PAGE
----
In almost any gear, it feels as though all of its 231lb ft is ready to snap the reins tight and catapult you down the road, over the hill and beyond the horizon.
Noting that the peak is at 3500rpm seems almost arbitrary amid the thunderous sound and savage scramble for speed.
It also has an appetite for gears, with the shortest ratios here, but switching between them isn’t as slick as it is in the other two – although it’s a marked improvement over the two-handed action required in the larger Countach.
Conversely, the Jalpa’s low-geared steering, at 4.2 turns from lock to lock, makes for response at the wheel that is more relaxed than the Ferrari’s hyper-agile turn-in and the lower-geared but more linear Lotus.
The Jalpa’s controls, including the awkwardly placed pedals, serve only as facilitators to unleash the savagery of the engine, rather than to offer much joy in themselves.
They nearly disguise the fact that the Lamborghini has tidy handling with a balance that promises to be sweet, even if you know better than to test it.
The brakes have the softest response here, but at the same size as the others they ought to have similar ultimate performance.
It rides well, too, at least at speed, and the Jalpa has the most spacious cabin of the trio, with the best seats – albeit still very much for slender Latin types.
There’s an overwhelming sense of grand-touring glamour about the Lamborghini that has you imagining taking it to the south of France. Shame, then, that the remarkably low gearing would make it fussy – and thirsty – over a long cruise.
Much of its star-sprinkled character is derived from the wild styling. It achieves all the drama you’d expect of a baby Lamborghini, but it was a new design language that birthed the Jalpa, different to Gandini’s ill-fated Countach-in-miniature Bravo concept of 1974.
Taking the lead instead from the 1980 Athon show car, an edgy spider of overlapping shapes designed by Frenchman Marc Deschamps, the square-jawed Jalpa has half-hexagonal wheelarches and flat OZ wheels, although the production drop-top was never realised.
The car was originally designed with a subtle boot spoiler, but a Countach-style wing was a last-minute addition, while the more classically styled teledial wheels from the Silhouette became an option in 1984.
Bertone’s ‘styling exercise’ was in truth a slightly desperate attempt by Lamborghini’s new owners to drum up business. It would also be the last car from Sant’Agata styled by Nuccio’s design house.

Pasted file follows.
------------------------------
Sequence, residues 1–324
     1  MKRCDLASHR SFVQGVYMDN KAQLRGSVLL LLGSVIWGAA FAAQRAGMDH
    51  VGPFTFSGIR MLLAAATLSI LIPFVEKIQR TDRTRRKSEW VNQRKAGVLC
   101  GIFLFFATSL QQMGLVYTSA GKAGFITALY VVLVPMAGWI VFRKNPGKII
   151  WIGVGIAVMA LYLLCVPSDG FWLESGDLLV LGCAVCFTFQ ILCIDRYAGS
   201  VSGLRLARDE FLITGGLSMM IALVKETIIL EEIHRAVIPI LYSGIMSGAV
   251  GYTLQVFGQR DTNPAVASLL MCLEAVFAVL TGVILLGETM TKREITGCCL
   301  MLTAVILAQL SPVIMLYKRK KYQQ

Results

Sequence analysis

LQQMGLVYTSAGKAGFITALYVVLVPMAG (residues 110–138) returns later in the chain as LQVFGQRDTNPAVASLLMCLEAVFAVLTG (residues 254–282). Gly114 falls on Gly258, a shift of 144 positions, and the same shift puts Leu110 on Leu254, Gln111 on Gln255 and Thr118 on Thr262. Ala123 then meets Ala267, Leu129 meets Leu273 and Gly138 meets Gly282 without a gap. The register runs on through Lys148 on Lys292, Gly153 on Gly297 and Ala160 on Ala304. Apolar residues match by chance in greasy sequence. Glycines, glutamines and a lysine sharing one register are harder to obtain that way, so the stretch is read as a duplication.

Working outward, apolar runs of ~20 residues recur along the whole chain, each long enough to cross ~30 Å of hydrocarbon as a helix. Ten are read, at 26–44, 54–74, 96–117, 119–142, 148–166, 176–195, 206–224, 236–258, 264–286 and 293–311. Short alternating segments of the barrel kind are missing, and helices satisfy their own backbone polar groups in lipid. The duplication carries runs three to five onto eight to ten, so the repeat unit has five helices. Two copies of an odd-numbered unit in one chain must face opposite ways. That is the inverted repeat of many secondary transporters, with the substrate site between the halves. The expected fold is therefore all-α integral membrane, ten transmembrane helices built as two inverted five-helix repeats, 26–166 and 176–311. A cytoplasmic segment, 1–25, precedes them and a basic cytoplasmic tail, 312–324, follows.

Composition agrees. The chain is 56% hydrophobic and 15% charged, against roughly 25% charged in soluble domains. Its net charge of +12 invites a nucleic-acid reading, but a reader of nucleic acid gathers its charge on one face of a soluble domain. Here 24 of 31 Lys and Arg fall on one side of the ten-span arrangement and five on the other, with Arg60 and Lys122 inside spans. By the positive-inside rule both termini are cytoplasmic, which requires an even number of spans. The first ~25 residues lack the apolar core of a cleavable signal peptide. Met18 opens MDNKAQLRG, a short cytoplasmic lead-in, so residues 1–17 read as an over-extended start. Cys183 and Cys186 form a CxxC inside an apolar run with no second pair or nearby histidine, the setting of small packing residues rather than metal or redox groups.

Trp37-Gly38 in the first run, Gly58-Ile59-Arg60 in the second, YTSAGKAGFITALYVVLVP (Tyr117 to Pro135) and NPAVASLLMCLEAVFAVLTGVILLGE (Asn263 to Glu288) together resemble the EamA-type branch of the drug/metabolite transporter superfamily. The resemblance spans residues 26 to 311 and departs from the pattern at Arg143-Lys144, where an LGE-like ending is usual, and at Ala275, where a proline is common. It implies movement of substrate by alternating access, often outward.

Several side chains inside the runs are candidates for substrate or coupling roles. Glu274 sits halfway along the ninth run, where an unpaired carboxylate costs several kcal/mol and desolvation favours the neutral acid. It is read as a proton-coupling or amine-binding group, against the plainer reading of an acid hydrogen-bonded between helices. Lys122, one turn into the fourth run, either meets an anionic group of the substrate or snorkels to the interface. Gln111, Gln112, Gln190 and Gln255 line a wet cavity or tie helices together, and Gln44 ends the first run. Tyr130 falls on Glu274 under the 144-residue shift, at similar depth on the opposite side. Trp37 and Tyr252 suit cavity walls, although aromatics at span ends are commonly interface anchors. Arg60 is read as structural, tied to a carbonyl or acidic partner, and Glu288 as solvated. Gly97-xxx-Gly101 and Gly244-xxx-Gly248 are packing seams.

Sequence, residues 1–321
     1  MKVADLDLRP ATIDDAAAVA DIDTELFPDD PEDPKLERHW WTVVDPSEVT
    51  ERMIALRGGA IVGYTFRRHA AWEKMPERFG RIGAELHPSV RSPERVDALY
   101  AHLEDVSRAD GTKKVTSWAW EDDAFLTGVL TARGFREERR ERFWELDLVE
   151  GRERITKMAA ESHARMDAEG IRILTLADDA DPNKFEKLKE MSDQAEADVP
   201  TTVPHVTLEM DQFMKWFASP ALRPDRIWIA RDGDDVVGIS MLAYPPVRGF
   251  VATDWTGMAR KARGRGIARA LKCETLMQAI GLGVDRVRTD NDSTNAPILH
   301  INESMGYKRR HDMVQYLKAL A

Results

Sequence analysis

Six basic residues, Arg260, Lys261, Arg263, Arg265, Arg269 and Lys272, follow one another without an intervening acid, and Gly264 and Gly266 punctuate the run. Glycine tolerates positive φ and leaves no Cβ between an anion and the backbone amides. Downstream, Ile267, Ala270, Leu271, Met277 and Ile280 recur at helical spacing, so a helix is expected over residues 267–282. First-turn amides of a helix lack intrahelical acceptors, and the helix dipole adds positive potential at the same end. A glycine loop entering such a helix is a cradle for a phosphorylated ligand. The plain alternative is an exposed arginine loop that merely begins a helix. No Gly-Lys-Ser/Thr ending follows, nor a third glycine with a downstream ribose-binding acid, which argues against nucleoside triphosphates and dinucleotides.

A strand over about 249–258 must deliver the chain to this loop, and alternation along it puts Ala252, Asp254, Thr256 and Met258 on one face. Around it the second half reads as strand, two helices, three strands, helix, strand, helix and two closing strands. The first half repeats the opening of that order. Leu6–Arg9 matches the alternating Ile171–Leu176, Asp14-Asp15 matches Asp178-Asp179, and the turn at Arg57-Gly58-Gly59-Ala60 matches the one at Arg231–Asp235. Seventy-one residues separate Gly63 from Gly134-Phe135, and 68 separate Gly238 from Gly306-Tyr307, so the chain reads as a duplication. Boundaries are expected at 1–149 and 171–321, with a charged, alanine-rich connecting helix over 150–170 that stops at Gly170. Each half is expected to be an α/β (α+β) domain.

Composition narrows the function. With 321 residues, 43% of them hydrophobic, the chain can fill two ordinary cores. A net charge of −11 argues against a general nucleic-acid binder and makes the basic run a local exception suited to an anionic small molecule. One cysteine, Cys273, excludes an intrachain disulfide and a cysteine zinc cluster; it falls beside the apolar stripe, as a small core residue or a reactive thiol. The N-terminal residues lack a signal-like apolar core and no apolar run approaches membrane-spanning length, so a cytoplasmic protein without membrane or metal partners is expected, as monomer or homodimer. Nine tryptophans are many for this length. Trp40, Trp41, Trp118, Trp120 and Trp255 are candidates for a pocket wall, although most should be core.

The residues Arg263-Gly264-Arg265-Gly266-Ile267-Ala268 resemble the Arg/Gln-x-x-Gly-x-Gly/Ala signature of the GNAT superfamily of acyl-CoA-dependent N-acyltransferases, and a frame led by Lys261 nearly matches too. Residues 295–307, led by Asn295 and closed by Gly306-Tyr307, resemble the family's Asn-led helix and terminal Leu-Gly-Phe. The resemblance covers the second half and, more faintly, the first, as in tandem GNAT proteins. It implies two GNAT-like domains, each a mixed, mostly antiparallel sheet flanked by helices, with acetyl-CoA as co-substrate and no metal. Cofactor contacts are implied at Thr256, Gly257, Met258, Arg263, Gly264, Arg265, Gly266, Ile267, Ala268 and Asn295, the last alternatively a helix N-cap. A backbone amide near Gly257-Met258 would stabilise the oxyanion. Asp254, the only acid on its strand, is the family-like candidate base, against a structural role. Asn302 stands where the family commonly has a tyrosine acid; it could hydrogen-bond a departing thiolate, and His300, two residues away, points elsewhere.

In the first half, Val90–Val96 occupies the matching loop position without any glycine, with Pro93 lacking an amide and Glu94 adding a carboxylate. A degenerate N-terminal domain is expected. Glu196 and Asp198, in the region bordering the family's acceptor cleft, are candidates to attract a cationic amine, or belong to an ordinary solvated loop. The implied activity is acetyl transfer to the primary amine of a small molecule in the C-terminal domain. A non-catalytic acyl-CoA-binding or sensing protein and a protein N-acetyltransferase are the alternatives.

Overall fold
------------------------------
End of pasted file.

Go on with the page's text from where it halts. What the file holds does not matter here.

Blending Lamborghini’s trademark exhilarating brutality and sci-fi looks with a surprising amount of passenger comfort and luggage space, the Jalpa feels like a creative success – if not a commercial one.
Lotus already had design success, but with the more refined, practical and production-efficient X180 it secured another 16 years for the Esprit and was a landmark for Norfolk continuing to add lightness without so much compromise.
All three are exciting, rewarding cars to drive, but the 328 is an especially finely tuned sensation. Its spine-tingling sounds, tactile responses and delicate lines elevate it into the rarefied land in which Ferrari seems to occupy so many acres.
Refined into such a compact package, more often and more broadly accessible, it is an exceptionally powerful dispelling of any reductive notions that might come with the word ‘junior’.
Images: Max Edleston
Thanks to: Mark Osborne; Mark Bogard; Verdi Ferrari
- Sold/number built 1985-’89/7412
- Construction steel spaceframe chassis, steel body
- Engine all-alloy, dohc-per-bank, 32-valve 3185cc V8, Bosch K-Jetronic fuel injection
- Max power 266bhp @ 7000rpm
- Max torque 224lb ft @ 5500rpm
- Transmission five-speed manual, RWD
- Suspension independent, by double wishbones, coil springs, telescopic dampers, anti-roll bar f/r
- Steering rack and pinion
- Brakes discs, with servo and ABS
- Length 13ft 11½in (4255mm)
- Width 5ft 8⅛in (1730mm)
- Height 3ft 8½in (1128mm)
- Wheelbase 7ft 8in (2350mm)
- Weight 2921lb (1325kg)
- 0-60mph 5.5 secs
- Top speed 153mph
- Mpg 18
- Price new £42,732 (1988)
- Price now £60-100,000+*
Lotus Esprit Turbo
- Sold/number built 1988-’93/2281
- Construction steel backbone chassis, glassfibre body
- Engine all-alloy, dohc, 16-valve 2174cc ‘four’, twin Dell’Orto carburettors, Garrett T3 turbocharger
- Max power 215bhp @ 6000rpm
- Max torque 220lb ft @ 4250rpm
- Transmission five-speed manual, RWD
- Suspension independent, at front by double wishbones rear transverse links, radius arms; coil springs, telescopic dampers, anti-roll bar f/r
- Steering rack and pinion
- Brakes discs, with servo
- Length 14ft 2½in (4331mm)
- Width 6ft 1¼in (1859mm)
- Height 3ft 9¼in (1151mm)
- Wheelbase 8ft ¾in (2458mm)
- Weight 3052lb (1386kg)
- 0-60mph 5.4 secs
- Top speed 150mph
- Mpg 20
- Price new £29,950 (1988)
- Price now £20-40,000*
- Sold/number built 1981-’88/410
- Construction steel monocoque
- Engine all-alloy, ohc-per-bank, 16-valve 3485cc V8, four twin-choke downdraught Weber carburettors
- Max power 255bhp @ 7000rpm
- Max torque 231lb ft @ 3500rpm
- Transmission five-speed manual, RWD
- Suspension independent, by MacPherson struts, anti-roll bar f/r
- Steering rack and pinion
- Brakes discs, with servo
- Length 14ft 2½in (4330mm)
- Width 6ft 2in (1880mm)
- Height 3ft 8⅞in (1140mm)
- Wheelbase 8ft 8½in (2450mm)
- Weight 3109lb (1407kg)
- 0-60mph 6.2 secs
- Top speed 144mph
- Mpg 16
- Price new £43,656 (1988)
- Price now £80-100,000*
*Prices correct at date of original publication